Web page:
The Last Great Race on Earth: 2016 Iditarod and History

At 2:20 AM on March 15, 2016, Dallas Seavey was the first musher to reach Nome, Alaska, with his father Mitch close behind. This is Seavey’s fourth Iditarod championship in five years (and overall). Seavey and his team of seven dogs averaged about 9.5 miles an hour on the 1,049-mile journey from Anchorage to Nome. Seavey broke his personal record by nearly two hours, with a time of 8 days, 11 hours, 20 minutes and 16 seconds.


The race begins in Anchorage each year on the first Saturday in March, and it ends when the last musher reaches Nome. The ceremonial start does not count towards the overall time in the race to Nome. The next day, 65 teams line up in the Matanuska Valley for the Re-Start. They leave in two-minute intervals so each team is on a separate clock, and mushers travel from checkpoint to checkpoint until they reach Nome.

The Alaskan Iditarod shares a story that has spanned decades, cultures, and social barriers. The Iditarod has helped to define the state of Alaska. It honors the sled dogs as essential elements of early Alaskan culture and celebrates the natural areas of Alaska. The race continues to gain recognition and curiosity from all over the world. The race truly is “The Last Great Race on Earth”.

History of Dogsledding in Alaska

Dogsledding was essential in the settlement of Alaska, the emergence of a race to commemorate the history of sled dog travel, and the evolution of the Iditarod Trail Sled Dog Race.

In Alaska prior to the 1960s, the only way to get daily supplies was by sled, pulled by a team of sled dogs over dangerous, rugged winter terrain and driven by mushers blinded by the windswept snow. Dogs were used because they are the most reliable animal for transportation; they average speeds of 8-12 MPH for hundreds of miles, and they can live off the land- eating caribou, moose, or fish.

Sled dog teams had used the Iditarod Trail throughout Alaskan history as the primary method to transport people, mail, food, firewood, and other daily essentials. While it had been used previously, traffic on the trail picked up between the 1880s and the mid 1920s during the Alaskan Gold Rush.


Nome’s Diphtheria Epidemic

If you’re familiar with Universal Pictures’ Balto, you may have heard this story. During the winter of 1925, A diphtheria epidemic hit Nome and threatened many of the Native children. The closest quantity of antitoxin was nearly 1,000 miles away in Anchorage. The ports were frozen, and no planes could fly due to poor weather conditions. Instead, the serum was sent 300 miles by train, and relayed by dog teams the rest of the 675 miles to Nome. 20 mushers and 100 dogs were involved in this relay. Balto, the famous lead dog, and his musher arrived in Nome to conclude the five-day “Great Race of Mercy”. Balto became a celebrity; however, many mushers believe the true heroes were Leonhard Seppala and his lead dog Togo, as they covered 91 miles, including the most dangerous stretch of the route.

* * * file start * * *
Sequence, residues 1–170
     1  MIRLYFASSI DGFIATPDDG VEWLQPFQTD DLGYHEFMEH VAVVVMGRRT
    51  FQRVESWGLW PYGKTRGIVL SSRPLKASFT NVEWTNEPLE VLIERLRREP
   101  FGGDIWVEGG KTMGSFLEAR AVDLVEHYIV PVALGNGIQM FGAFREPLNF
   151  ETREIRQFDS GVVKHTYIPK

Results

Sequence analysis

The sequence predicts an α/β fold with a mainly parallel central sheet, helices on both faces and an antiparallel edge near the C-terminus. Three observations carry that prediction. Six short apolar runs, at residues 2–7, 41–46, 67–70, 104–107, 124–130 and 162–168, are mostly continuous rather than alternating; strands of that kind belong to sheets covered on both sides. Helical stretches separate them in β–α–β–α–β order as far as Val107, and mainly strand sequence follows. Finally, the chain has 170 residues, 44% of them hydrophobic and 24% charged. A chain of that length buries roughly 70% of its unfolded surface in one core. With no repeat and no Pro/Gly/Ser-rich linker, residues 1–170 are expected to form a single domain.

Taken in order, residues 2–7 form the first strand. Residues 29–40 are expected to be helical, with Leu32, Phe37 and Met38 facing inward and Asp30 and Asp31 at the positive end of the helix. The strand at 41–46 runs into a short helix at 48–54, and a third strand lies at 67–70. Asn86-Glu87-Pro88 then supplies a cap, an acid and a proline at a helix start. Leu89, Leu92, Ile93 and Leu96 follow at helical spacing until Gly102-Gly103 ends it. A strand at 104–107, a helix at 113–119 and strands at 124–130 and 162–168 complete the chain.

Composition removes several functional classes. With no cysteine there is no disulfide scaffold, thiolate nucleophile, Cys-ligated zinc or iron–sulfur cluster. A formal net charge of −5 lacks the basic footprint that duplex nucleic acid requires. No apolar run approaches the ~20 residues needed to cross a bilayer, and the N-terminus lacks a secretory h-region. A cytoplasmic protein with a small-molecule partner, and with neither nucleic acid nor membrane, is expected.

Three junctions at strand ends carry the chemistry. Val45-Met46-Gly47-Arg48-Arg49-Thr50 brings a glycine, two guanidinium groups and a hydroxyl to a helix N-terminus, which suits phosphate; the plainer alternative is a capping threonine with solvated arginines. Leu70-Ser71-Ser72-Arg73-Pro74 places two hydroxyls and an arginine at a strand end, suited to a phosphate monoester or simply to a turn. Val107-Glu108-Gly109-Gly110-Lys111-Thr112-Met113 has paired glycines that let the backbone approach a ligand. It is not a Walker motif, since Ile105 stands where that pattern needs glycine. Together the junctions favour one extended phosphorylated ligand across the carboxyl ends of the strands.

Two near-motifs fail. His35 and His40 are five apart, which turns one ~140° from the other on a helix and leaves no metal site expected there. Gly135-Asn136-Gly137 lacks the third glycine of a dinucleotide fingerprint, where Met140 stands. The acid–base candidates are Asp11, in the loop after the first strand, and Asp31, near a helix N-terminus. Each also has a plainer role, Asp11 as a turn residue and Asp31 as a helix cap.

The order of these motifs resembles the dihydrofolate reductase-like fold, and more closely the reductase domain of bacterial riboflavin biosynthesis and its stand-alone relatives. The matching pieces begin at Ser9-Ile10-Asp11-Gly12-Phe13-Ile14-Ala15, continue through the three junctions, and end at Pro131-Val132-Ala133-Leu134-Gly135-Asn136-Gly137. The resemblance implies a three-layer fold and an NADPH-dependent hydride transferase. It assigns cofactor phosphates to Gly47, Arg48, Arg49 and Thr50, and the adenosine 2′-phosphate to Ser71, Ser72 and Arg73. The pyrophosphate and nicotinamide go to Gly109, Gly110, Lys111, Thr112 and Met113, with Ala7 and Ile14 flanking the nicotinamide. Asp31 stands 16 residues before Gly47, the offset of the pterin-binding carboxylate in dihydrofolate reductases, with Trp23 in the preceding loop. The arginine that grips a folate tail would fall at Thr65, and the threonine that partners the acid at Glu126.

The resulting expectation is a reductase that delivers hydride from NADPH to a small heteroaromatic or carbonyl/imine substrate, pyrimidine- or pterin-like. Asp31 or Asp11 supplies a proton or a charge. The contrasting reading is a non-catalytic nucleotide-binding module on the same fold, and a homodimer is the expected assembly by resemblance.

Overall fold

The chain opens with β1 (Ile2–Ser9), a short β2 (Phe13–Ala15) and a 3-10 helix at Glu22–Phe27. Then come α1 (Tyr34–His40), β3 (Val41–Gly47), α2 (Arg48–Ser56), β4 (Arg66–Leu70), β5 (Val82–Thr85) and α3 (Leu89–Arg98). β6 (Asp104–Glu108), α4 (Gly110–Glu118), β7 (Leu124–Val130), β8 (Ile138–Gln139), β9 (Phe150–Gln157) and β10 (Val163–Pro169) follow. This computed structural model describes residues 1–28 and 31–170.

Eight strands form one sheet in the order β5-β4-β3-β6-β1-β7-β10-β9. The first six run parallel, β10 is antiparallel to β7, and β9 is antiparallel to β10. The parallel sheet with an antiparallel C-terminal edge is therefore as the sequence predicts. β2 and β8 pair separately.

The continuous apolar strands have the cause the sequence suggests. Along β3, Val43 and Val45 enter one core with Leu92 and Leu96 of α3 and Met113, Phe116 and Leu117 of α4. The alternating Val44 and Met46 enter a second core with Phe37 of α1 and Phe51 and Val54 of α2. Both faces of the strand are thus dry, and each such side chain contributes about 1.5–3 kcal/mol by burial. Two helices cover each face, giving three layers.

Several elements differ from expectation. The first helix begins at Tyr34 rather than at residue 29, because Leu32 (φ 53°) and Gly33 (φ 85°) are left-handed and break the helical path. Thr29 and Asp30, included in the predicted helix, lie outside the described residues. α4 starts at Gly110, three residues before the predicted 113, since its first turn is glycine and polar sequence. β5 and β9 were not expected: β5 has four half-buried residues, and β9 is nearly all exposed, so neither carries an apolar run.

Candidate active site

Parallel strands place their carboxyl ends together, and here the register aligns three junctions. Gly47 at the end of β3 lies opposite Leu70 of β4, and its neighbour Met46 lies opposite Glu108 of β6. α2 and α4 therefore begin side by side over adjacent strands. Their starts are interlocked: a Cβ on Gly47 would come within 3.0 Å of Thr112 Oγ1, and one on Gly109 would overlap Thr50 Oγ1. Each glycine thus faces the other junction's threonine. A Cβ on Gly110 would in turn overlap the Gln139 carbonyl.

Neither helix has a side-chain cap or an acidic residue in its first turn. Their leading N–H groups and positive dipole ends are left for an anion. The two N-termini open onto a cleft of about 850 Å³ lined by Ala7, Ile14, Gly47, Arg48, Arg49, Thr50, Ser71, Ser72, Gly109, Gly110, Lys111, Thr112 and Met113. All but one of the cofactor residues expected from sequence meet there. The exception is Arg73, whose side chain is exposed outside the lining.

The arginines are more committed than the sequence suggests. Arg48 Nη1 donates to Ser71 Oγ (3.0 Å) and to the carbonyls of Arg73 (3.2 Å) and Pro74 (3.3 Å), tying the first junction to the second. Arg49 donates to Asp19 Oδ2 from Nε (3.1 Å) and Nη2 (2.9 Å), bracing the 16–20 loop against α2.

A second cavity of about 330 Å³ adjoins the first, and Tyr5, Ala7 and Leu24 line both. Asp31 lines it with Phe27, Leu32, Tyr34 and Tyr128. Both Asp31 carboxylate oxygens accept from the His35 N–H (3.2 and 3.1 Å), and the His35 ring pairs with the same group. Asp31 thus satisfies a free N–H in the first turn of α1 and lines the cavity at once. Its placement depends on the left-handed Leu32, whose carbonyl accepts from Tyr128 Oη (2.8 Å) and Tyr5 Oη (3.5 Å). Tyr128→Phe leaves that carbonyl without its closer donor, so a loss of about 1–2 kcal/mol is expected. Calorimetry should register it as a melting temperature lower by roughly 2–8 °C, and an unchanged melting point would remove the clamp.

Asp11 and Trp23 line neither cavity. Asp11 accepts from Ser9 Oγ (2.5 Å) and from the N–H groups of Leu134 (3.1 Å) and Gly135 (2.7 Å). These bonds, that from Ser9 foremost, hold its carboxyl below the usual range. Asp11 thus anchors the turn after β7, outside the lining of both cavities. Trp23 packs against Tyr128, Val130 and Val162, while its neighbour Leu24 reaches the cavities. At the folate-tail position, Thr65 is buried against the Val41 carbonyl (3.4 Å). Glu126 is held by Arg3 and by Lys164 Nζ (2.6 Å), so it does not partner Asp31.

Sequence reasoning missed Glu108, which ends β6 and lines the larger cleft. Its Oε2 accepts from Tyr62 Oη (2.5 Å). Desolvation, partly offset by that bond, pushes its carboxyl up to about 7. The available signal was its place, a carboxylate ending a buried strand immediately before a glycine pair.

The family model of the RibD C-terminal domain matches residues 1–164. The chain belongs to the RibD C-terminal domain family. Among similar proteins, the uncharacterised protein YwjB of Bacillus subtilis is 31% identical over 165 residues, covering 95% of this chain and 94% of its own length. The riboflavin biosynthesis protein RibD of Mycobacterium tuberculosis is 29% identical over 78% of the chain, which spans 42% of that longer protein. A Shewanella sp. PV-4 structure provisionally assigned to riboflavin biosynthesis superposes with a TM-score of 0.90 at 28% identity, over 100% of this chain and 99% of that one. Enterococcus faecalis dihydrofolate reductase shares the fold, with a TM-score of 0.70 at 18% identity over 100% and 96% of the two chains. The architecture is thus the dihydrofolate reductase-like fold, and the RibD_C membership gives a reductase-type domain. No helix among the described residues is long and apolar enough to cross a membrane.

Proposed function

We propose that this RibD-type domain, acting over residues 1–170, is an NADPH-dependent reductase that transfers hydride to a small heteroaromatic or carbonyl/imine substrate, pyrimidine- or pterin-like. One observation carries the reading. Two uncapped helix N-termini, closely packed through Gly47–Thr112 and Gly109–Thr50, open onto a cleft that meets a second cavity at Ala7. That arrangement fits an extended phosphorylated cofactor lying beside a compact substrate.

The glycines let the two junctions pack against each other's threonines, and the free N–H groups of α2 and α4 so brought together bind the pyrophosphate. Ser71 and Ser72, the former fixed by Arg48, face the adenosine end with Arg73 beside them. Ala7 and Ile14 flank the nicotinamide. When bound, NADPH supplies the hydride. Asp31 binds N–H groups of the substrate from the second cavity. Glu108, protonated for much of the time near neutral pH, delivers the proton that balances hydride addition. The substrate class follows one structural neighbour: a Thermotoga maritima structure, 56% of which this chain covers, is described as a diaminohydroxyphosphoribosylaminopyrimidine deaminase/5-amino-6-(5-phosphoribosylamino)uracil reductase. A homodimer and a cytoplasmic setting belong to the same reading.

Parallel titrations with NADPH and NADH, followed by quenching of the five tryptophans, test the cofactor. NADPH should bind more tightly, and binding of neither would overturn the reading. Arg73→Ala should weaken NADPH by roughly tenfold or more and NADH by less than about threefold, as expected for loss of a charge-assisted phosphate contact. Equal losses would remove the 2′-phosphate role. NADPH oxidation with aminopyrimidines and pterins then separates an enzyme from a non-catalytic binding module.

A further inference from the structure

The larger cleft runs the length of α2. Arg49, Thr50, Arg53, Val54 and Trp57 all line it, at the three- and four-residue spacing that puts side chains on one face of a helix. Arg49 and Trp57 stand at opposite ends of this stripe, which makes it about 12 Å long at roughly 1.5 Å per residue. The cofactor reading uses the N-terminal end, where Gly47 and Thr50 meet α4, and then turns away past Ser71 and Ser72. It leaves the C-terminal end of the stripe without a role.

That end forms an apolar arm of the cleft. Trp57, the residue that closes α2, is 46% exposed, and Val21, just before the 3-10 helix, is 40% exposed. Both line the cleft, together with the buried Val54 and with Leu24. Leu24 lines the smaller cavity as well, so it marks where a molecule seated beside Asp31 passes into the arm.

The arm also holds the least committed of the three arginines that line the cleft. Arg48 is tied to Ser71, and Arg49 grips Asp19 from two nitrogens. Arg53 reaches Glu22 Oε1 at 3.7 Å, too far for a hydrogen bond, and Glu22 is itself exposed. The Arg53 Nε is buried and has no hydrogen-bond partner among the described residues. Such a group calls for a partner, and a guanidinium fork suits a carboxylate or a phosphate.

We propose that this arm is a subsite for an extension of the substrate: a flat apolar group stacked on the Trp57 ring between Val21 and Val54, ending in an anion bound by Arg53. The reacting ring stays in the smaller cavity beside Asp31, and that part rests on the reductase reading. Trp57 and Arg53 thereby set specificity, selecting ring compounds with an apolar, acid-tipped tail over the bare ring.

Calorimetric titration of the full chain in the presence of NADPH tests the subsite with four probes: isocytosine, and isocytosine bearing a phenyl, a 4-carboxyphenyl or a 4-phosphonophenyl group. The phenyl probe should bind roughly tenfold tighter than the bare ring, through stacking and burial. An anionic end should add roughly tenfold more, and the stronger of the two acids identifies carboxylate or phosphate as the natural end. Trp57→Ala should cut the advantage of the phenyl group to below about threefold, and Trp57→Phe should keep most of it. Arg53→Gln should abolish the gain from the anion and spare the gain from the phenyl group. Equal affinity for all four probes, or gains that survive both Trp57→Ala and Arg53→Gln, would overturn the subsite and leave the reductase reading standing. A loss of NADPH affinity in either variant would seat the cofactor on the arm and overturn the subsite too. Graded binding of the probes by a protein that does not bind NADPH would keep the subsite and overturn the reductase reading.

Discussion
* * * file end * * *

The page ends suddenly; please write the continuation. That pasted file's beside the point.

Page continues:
Nearly a decade later, the Gold Rush slowed and Alaskan natives began to seek alternate forms of transportation for themselves and their supplies. Airplanes were becoming more technologically advanced, and more reliable in extreme weather conditions. But it wasn’t until snowmobiles became widespread in Alaska in the 1960s, that dogsledding almost disappeared completely.

Origins of the Iditarod Sled Dog Race

The Iditarod Race today honors this rich history of dog mushing throughout the settlement of Alaska and the bravery of the mushers who risked their lives during the Great Race of Mercy.

Hoping to commemorate Alaskan heritage, chairman of Alaska’s centennial committee, Dorothy Page, proposed a sled dog race over the Iditarod Trail in 1967. She received support from the musher Joe Redington Senior, who was extremely passionate about creating a race to bring the sled dog back to Alaska. Redington had said, “I’ve seen snow machines break down and fellows freeze to death in the wilderness. But dogs will always keep you warm and they’ll always get you there.” Together, Redington and Page found enthusiastic volunteers to clear enough of the trail to create a 25-mile sprint race. To their delight, 58 mushers entered the 1967 race hoping to win the $25,000 prize. There was another short race in 1969, but there was little financial support and only twelve entrants.

Joe Redington did not let his dream of creating a longer race to Nome die. Reddington and two other mushers spirited the first-ever Iditarod race in 1973. The first winner of the Iditarod took about three weeks to reach Nome. Rod Perry, a three-time Iditarod finisher, sums up the first race perfectly: “We didn’t know what was out there. These people were the most experienced outdoorsman to ever run the Iditarod. They didn’t get into it because there was an Iditarod race. They just loaded up and headed for Anchorage; they did what they did everyday.”

Since the first race in 1973, the Iditarod has transformed. It has gained tremendous amounts of public and monetary support to make the race Alaska’s major sporting event. The race has been reshaped and has grown over time to help accomplish the goals that Joe Redding Sr. had dreamed.


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